How Obama Saved Capitalism and
Lost the Midterms
Timothy Egan, New York Times
The banking system was resuscitated by $700 billion in bailouts started by Bush (a fact unknown by a majority of Americans), and finished by Obama, with help from the Federal Reserve. It worked. The government is expected to break even on a risky bet to stabilize the global free market system. Had Obama followed the populist instincts of many in his party, the underpinnings of big capitalism could have collapsed. He did this without nationalizing banks, as other Democrats had urged.
Saving the American auto industry, which has been a huge drag on Obama’s political capital, is a monumental achievement that few appreciate, unless you live in Michigan. After getting their taxpayer lifeline from Obama, both General Motors and Chrysler are now making money by making cars. New plants are even scheduled to open. More than 1 million jobs would have disappeared had the domestic auto sector been liquidated.
“An apology is due Barack Obama,” wrote The Economist, which had opposed the $86 billion auto bailout. As for Government Motors: after emerging from bankruptcy, it will go public with a new stock offering in just a few weeks, and the United States government, with its 60 percent share of common stock, stands to make a profit. Yes, an industry was saved, and the government will probably make money on the deal — one of Obama’s signature economic successes.
Interest rates are at record lows. Corporate profits are lighting up boardrooms; it is one of the best years for earnings in a decade.
All of the above is good for capitalism, and should end any serious-minded discussion about Obama the socialist. But more than anything, the fact that the president took on the structural flaws of a broken free enterprise system instead of focusing on things that the average voter could understand explains why his party was routed on Tuesday. Obama got on the wrong side of voter anxiety in a decade of diminished fortunes.
The three signature accomplishments of his first two years — a health care law that will make life easier for millions of people, financial reform that attempts to level the playing field with Wall Street, and the $814 billion stimulus package — have all been recast as big government blunders, rejected by the emerging majority.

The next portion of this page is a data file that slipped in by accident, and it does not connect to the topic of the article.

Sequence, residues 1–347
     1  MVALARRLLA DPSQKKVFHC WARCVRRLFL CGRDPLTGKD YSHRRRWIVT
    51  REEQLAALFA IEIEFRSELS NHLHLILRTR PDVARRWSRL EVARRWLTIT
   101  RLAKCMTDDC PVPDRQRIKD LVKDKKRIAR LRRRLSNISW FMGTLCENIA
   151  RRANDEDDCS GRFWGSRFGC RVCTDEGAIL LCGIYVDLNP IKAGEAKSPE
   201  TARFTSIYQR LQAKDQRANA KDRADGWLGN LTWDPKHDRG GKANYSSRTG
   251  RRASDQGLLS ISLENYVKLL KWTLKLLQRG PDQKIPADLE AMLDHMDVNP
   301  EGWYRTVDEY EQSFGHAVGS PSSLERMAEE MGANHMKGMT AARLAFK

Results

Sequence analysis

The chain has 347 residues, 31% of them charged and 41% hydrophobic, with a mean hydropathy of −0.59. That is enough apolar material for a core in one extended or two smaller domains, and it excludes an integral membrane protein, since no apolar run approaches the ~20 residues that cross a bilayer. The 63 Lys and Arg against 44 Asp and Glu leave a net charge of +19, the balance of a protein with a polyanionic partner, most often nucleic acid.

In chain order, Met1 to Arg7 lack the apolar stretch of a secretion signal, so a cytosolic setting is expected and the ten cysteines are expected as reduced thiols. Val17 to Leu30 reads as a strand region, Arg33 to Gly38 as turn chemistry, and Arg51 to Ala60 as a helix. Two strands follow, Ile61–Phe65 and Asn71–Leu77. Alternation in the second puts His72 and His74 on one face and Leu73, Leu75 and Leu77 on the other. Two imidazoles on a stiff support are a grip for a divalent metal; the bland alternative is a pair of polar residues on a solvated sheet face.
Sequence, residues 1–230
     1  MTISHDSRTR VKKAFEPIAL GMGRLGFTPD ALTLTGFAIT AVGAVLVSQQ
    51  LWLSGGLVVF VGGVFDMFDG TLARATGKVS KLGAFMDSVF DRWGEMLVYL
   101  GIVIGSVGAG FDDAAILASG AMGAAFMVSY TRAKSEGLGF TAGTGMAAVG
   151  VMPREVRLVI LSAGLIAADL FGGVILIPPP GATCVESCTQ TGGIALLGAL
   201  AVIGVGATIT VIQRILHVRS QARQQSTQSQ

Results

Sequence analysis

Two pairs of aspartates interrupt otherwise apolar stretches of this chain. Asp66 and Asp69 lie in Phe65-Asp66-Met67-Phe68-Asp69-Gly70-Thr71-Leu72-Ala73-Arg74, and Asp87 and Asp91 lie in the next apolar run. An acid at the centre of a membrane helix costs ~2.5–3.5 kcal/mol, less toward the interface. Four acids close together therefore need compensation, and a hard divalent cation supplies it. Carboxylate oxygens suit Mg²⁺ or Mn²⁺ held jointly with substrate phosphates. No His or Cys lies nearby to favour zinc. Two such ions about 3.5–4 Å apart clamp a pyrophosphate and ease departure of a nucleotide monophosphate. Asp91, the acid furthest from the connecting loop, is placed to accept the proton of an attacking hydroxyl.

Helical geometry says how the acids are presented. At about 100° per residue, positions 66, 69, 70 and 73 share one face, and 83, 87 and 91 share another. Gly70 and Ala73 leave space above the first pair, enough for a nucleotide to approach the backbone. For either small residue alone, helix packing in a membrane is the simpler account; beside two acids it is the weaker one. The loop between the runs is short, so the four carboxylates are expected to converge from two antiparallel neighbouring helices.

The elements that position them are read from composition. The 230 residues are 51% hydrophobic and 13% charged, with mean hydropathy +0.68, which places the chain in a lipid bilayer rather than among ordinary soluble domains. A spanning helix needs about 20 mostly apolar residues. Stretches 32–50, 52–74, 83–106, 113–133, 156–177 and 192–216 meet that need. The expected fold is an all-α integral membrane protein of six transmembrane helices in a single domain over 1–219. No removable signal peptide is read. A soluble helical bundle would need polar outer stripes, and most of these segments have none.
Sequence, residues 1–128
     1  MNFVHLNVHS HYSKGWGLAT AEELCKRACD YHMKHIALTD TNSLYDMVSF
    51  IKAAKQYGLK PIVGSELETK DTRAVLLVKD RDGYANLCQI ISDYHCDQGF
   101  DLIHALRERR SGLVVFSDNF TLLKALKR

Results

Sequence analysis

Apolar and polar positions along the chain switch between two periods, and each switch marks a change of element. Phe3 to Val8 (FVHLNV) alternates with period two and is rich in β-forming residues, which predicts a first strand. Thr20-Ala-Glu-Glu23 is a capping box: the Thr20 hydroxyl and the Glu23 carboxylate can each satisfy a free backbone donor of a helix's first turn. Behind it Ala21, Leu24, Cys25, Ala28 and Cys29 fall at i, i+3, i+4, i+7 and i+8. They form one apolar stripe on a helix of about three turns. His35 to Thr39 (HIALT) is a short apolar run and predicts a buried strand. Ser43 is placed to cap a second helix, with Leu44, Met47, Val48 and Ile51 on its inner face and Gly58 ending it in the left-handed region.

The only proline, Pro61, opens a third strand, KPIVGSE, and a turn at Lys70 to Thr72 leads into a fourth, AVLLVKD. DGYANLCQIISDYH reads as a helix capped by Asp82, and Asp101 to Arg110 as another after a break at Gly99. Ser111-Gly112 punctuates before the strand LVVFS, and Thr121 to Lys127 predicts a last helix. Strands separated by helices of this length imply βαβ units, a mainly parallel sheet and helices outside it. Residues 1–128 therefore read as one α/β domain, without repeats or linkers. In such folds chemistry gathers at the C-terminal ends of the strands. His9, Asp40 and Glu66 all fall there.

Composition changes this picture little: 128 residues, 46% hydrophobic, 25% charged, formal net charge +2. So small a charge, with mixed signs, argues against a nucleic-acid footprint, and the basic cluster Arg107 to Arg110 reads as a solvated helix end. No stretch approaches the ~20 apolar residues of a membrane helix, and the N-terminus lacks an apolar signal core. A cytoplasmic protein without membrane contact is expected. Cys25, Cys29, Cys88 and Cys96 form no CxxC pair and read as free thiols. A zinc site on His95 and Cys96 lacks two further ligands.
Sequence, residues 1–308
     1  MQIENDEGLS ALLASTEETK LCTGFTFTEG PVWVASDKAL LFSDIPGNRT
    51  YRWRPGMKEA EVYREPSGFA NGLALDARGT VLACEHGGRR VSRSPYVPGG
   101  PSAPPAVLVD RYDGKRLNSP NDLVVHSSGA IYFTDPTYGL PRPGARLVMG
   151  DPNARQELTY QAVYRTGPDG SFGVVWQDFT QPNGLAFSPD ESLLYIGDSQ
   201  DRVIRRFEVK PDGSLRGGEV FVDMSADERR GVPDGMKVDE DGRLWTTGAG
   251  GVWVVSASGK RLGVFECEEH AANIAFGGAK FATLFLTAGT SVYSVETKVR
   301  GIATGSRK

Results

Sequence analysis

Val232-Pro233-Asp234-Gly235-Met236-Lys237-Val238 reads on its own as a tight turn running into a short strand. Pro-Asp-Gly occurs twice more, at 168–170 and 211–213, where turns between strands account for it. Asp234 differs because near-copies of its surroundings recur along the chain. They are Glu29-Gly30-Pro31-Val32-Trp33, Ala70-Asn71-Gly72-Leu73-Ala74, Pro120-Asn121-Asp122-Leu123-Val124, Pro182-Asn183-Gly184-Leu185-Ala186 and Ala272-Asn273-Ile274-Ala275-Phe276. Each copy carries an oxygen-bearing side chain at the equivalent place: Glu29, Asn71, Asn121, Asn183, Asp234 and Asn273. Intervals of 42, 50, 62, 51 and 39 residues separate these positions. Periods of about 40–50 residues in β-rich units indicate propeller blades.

But each of them, in its way, should strengthen the system. The health law will hold costs down, while giving millions the chance at getting care, according to the nonpartisan Congressional Budget Office. Financial reform seeks to prevent the kind of meltdown that caused the global economic collapse. And the stimulus, though it drastically raised the deficit, saved about 3 million jobs, again according to the CBO. It also gave a majority of taxpayers a one-time cut — even if 90 percent of Americans don’t know that, either.
Obama can recast himself as the consumer’s best friend, and welcome the animus of Wall Street. He should hector the companies sitting on piles of cash but not hiring new workers. For those who do hire, and create new jobs, he can offer tax incentives. He should finger the financial giants for refusing to clean up their own mess in the foreclosure crisis. He should point to the long overdue protections for credit card holders that came with reform.
And he should veto, veto, veto any bill that attempts to roll back some of the basic protections for people against the institutions that have so much control over their lives – insurance companies, Wall Street and big oil.
Timothy Egan, New York Times
Bill Hanoi comments:
Absolutely President Obama stepped to save capitalism from itself. And suprising to some, so did President Bush with his intervention in the banking and financial industry.
Imagine the different scenario we would be facing in the US without either President’s interventions. Our financial industry would have collapsed like an elaborate domino setup…gaining speed as it advanced – greater deflation in the real estate both residential and commercial – would have been the accelerator. And we would be wondering who would pickup the salvageable pieces of our auto industry. Unemployment would have been significantly higher setting up the real possibility of a prolonged, deeper depression.
A tenant of well functioning markets is accurate information. Left unregulated, the financial industry became more like the used car business – a little repackaging – repainting – and misrepresentation by rating firms with vested interests. President Obama and the congress has taken this problem on to save capitalism.
President Bush provided a safety net to the financial industry and restored some liquidity to the system. He and President Obama should have demanded more concessions from the industry in salary caps and equity stakes to compensate the American people. President Obama did just that with the auto industry for a much better outcome.
We must dispel the notion that markets are infallible if left to there own devices. There have always been rules of the road – regulations – demanded as much the by business itself as consumers. These regulations should enable markets to do what they do best – create wealth, while restricting those actions that we have learned over and over again create excesses.